Kaline, Snider, Klein, Yawkey are Inducted as Class of 1980
Al Kaline spent 22 years in the big leagues – and it’s safe to assume that after leading the Detroit Tigers to a 1968 World Series win, he was familiar with high-pressure situations. But all those experiences paled in comparison to the 20, seemingly endless, minutes after 6 p.m. on Jan. 9, when he was waiting to hear if he had been voted into the Hall of Fame.
“I was supposed to get a call about 6 o’clock in the evening,” Kaline explained to the Philadelphia Inquirer . “And it was already 6:20. Those 20 minutes, you should pardon the expression, were like hell.”
Duke Snider, Tom Yawkey, Chuck Klein and Kaline comprised the Class of 1980, which was inducted on Aug. 3 of that year. Ted Williams followed Snider to the podium to accept the bronze plaque of the late Tom Yawkey, who was elected by the Veteran’s Committee.
Yawkey served as owner-president of the Boston Red Sox for over four decades, overseeing three pennant wins in 1946, 1967 and 1975. He brought in some of the best players in Red Sox history – names like Jimmie Foxx, Joe Cronin, and Lefty Grove, among others – and established a partnership with the Dana-Farber Cancer Institute, which still lives on today.
But almost seven months later – as looming clouds made room for golden sunshine that shone down on the back-porch of the Hall of Fame Library in Cooper Park – Kaline found himself accepting his bronze plaque, in front of a crowd of 5,000, sprawled across the lawn and trees.
The 10th Hall of Famer to be selected in his first year of eligibility, Kaline received 340 votes out of a possible 385. A complete ballplayer who could hit, throw and field, he had a record of 242 consecutive games without an error, 3,007 hits, 399 home runs, as well as a .297 lifetime batting average.
“Sometimes I feel I’ve been one of the luckiest people in the world. For 22 years I was able to make a living playing a game that was my life,” he told the crowd. “You can be sure that I will make every effort to live up to the obligations associated with this honor.”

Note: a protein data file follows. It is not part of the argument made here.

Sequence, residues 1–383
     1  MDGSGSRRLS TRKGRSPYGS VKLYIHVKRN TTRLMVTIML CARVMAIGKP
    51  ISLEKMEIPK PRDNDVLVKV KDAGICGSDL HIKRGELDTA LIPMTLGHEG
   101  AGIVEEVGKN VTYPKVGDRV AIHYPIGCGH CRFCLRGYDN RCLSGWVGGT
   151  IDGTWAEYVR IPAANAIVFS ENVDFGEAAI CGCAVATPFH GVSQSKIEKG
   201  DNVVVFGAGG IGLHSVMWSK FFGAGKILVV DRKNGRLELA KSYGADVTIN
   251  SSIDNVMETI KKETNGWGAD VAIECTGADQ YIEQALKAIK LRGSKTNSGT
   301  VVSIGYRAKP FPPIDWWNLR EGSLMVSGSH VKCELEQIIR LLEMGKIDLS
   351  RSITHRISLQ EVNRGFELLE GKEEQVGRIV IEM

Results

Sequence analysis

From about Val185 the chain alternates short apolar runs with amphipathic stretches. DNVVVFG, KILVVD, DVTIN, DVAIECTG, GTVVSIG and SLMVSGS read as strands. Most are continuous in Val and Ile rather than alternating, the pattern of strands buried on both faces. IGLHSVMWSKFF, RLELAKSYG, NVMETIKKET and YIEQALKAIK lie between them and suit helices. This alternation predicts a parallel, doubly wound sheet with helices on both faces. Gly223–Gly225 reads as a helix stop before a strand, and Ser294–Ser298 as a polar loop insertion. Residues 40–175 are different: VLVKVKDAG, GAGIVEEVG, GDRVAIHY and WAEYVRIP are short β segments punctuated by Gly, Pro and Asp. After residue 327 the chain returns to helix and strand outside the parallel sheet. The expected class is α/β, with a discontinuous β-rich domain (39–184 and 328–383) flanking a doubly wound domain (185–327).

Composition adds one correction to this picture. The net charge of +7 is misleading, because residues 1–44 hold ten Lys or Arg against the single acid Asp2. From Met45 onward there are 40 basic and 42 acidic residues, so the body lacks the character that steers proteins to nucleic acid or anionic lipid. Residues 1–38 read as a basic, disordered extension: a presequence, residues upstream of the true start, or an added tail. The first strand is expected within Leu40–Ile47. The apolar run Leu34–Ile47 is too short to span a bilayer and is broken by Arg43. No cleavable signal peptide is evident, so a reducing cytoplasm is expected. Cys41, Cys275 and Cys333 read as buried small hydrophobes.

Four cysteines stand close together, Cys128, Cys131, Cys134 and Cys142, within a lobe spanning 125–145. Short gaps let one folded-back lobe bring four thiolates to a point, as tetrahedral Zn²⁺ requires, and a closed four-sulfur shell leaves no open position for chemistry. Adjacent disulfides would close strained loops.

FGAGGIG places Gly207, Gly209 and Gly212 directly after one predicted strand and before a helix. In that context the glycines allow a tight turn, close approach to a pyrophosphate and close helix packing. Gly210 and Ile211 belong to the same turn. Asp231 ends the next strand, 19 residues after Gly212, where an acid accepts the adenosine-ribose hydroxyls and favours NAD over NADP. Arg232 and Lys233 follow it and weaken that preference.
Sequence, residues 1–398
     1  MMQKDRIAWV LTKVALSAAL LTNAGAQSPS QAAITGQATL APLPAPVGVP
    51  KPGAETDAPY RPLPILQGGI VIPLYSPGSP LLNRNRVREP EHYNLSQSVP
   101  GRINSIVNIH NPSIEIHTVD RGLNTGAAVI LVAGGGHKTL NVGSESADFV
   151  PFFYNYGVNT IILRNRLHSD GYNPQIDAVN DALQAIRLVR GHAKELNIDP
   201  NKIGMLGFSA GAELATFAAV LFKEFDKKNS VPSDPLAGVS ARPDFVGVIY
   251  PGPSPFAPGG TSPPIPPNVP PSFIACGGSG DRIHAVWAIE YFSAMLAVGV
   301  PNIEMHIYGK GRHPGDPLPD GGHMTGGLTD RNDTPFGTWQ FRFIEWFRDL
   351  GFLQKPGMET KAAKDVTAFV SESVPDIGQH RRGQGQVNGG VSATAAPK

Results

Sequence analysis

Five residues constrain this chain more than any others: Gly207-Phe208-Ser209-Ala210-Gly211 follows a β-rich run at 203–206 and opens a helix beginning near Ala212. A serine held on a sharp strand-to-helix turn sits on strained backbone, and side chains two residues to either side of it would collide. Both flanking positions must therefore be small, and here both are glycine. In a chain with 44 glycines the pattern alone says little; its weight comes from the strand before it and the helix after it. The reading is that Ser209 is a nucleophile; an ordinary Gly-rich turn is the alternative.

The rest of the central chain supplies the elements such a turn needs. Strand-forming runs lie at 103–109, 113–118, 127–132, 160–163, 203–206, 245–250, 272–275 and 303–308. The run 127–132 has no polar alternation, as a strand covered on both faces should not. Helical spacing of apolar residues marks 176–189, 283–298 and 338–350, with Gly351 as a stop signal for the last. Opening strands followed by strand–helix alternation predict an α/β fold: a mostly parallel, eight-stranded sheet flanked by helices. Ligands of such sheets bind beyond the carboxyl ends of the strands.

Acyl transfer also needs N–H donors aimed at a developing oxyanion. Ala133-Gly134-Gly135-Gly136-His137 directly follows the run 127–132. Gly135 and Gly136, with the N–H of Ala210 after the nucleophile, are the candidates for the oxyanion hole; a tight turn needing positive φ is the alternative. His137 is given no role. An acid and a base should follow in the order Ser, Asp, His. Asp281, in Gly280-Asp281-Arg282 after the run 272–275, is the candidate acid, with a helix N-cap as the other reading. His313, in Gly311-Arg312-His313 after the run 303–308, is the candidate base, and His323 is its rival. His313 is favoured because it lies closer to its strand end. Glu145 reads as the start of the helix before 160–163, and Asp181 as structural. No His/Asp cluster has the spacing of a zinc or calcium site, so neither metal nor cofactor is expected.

He was shortly followed to the podium by Duke Snider, who, similarly to Kaline, expressed his previous anxiety prior to being presented with baseball’s highest honor.
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“Each year, I would get more votes, but not enough to get in. My wife and I developed the philosophy that even if I don’t get in, I could take pride in the great years I had with the Dodgers, but deep down we were both hungry for it,” Snider remarked to the Utica (N.Y.) Observer Dispatch.
That insecurity only made his moment in the sun all the more sweet. Snider hit 407 homers, recorded 1,333 RBI and finished his career with a batting average of .295. He had defensive prowess as well, and was repeatedly compared to the greatest centerfielders of his time – Mickey Mantle and Willie Mays.
Finally came the posthumous induction of Chuck Klein, a former right fielder for the Philadelphia Phillies. The only player in the 20th century to notch more than 200 or more hits in his first five seasons, Red Smith once said that “the Philadelphia newspapers of the early ‘30s kept a headline standing in type to eliminate the expense of constant resetting. It read: ‘Klein hits two as Phils lose.” A Triple Crown winner in 1933, two-time All-Star and NL MVP in 1932, he also set the single-season record for outfield assists with 44, which still stands today.
The most important day of their professional careers, perhaps what made August 3, 1980 so special for Kaline and Snider was that genuine sense of doubt before hearing whether or not they’d received the necessary votes. Regardless, all anxiety disappeared once Kaline walked on stage that day.
“I was nervous coming up here,” Kaline admitted. “But then I thought nothing can be bad when you’re surrounded by baseball fans.”
Alex Coffey was the communications specialist at the National Baseball Hall of Fame and Museum
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